Poisoning myself?

I am currently residing in a communal living arrangement where my meals are provided in a central dining facility. In the drink area they have a very nice selection of cold teas in a fountain drink dispensor. This includes my favorite, regular unsweetened tea. I like my iced tea with lemon. Luckily they have provided lemon wedges. Here is where the question comes.

The drink cups are styrofoam. When I squeeze the lemon wedge into the cup some of the lemon juice hits the sides. I noticed the juice pits the side of the cup. The citric acid is destroying some of the styrofoam. Am I poisoning myself with polystyrene? Is the residue from the cup and acid reaction going into my tea? There is no plastic taste to the drink. Help me before I die a horrible death.

Dart Container’s take on it.

The Master speaks, though there’s nothing definite about the physical danger of drinking dissolved polystyrene there.

Dart has a point, though it is an industry page. Polystyrene probably wouldn’t have been approved for food container use if it were actually toxic.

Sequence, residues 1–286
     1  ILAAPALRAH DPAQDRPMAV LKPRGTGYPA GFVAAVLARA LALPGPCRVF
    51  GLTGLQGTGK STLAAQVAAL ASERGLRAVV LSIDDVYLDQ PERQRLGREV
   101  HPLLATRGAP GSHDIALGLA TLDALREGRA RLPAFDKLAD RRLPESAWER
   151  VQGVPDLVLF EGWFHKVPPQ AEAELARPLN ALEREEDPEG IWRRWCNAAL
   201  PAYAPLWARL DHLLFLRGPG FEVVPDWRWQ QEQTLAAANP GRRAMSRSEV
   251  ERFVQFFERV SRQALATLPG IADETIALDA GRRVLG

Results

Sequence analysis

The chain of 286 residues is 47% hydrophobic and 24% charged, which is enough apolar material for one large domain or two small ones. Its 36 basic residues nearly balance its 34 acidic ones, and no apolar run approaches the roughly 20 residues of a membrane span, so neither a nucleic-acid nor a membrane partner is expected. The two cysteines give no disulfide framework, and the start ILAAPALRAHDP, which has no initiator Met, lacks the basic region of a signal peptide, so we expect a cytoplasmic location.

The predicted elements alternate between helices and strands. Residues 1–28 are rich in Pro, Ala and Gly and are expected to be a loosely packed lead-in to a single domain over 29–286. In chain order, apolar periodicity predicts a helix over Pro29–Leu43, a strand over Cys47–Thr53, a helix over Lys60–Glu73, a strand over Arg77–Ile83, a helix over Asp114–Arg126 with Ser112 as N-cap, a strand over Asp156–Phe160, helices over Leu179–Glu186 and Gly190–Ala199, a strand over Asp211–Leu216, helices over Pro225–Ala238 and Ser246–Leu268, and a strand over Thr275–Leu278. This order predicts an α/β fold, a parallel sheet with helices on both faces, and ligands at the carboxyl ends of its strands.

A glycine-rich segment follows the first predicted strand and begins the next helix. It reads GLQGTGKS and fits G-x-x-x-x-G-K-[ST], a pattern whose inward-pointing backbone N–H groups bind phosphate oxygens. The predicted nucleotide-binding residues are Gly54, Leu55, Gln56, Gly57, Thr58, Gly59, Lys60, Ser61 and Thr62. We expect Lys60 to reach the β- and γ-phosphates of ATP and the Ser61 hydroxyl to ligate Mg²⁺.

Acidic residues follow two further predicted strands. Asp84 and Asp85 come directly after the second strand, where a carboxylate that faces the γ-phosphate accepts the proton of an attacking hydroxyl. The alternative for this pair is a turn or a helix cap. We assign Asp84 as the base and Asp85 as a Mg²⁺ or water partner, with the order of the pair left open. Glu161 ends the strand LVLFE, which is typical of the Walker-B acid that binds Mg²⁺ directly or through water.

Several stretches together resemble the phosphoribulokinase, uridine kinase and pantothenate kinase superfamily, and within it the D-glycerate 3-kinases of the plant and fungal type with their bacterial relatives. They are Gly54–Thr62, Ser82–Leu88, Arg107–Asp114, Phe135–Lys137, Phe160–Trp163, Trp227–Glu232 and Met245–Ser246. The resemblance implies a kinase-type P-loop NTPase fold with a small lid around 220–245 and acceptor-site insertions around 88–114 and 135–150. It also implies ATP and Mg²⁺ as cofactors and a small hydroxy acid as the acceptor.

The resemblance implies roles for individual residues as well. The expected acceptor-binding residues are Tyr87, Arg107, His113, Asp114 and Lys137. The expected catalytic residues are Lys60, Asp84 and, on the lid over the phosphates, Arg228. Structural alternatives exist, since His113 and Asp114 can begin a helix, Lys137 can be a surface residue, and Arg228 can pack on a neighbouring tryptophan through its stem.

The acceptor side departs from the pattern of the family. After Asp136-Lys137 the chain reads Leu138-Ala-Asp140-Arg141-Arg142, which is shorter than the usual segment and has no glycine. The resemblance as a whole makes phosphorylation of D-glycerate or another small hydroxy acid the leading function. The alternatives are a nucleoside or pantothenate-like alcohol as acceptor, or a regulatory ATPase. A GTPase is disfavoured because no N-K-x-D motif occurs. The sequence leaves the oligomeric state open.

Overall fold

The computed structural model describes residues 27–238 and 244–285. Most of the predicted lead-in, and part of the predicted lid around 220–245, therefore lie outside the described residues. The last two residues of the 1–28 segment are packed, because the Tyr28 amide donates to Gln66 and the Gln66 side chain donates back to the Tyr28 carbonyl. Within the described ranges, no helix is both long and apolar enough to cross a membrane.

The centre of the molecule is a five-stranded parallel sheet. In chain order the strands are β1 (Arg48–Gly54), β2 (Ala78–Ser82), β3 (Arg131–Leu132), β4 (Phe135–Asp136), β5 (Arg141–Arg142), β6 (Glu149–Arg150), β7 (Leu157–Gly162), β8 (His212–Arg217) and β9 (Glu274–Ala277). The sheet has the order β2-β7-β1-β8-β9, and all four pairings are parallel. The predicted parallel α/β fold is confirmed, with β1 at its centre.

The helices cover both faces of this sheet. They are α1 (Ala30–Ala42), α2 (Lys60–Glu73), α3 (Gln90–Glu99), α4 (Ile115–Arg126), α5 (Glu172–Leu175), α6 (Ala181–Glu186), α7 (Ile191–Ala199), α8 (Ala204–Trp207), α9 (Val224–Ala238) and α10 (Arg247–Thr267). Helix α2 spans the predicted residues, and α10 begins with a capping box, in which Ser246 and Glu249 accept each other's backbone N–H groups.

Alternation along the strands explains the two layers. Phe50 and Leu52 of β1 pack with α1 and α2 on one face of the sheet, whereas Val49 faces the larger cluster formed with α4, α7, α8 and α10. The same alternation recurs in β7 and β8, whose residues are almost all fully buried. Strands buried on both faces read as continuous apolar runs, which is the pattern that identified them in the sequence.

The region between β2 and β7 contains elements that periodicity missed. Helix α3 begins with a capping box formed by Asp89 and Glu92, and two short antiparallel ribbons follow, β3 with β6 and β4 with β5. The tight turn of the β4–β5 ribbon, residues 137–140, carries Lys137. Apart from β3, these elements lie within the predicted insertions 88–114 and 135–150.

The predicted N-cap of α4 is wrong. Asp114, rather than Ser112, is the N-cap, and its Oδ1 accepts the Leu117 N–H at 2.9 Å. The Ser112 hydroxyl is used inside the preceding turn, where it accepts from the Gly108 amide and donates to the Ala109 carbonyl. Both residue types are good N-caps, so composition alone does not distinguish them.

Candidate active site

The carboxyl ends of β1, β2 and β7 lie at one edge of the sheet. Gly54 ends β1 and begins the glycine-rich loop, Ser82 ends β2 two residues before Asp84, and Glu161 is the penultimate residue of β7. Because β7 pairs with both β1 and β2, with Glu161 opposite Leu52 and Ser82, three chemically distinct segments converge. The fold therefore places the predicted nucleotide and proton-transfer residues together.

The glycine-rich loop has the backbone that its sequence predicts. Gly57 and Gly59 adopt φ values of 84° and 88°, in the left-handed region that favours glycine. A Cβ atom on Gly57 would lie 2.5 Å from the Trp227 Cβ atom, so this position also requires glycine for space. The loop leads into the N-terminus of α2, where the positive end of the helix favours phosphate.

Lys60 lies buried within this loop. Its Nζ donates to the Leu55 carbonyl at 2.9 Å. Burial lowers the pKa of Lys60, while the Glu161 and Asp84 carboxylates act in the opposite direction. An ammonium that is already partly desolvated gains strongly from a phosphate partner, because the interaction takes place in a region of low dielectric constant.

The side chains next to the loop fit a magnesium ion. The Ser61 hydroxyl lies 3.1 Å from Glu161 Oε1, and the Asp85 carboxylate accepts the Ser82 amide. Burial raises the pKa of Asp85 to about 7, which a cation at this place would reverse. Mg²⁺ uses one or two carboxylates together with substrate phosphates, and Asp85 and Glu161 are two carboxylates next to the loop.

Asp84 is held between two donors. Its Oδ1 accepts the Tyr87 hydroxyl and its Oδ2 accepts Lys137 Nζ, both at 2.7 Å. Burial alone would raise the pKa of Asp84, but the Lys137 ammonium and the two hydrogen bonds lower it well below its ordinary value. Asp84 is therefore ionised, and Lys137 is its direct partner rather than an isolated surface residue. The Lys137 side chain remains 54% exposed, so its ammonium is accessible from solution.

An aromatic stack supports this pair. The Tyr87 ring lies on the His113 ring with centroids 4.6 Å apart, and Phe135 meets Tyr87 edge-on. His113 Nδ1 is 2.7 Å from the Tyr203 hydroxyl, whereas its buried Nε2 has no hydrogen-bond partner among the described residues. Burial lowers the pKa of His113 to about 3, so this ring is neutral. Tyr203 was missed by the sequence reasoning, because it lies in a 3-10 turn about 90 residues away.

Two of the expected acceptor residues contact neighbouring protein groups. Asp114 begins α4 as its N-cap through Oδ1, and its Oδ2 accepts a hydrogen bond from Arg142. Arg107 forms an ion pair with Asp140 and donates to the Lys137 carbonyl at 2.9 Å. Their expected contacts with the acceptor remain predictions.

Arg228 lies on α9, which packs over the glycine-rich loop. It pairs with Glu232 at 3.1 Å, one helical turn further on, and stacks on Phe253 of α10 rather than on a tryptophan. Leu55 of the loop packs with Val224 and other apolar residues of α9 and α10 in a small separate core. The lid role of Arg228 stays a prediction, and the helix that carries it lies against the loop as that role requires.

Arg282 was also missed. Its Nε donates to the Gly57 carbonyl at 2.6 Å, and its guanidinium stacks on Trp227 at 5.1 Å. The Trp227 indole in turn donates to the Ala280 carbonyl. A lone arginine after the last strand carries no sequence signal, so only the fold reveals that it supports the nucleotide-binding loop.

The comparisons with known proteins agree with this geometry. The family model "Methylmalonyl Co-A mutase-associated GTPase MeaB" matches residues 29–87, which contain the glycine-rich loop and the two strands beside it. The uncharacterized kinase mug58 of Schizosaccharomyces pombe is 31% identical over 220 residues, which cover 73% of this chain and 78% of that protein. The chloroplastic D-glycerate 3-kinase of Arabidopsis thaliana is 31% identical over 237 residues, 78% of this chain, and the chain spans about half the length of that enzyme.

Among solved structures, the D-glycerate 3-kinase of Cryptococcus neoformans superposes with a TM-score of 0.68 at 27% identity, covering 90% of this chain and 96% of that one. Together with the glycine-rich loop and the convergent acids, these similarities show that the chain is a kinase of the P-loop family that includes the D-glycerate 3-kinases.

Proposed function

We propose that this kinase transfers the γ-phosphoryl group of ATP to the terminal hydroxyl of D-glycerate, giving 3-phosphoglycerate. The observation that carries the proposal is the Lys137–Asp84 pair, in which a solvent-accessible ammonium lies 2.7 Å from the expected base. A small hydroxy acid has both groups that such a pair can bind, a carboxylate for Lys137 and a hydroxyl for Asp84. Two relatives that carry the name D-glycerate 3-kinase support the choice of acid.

The food at the dining hole at my college seemed to eat into the styrofoam to-go containers a bit. I haven’t died of it yet, and it’s been 10 years (has it really?) since I graduated.

And, from what I understand, gasoline completely obliterates it in rabbit-fast time.

You might bring your own ceramic, metal, or glass mug or cup into said communal facility.

Due to circumstances beyond my control that is not possible most of the time.

:confused: How is this “not a chemical action”?

It’s dissolving the material, not reacting with it. The linked page appears to be saying that rather than the plastic going into solution in the drink, the limonene collapses the blown structure of the polystyrene, but remains more or less bound to it.

I don’t know. I had noticed that, also, and wondered what they really meant there.

I thought dissolving something was considered a chemical action, but it’s been a while since I learned this sort of stuff.

The term ‘chemical action’ is vague - I’m sure they mean chemical reaction, which doesn’t usually mean just dissolving something.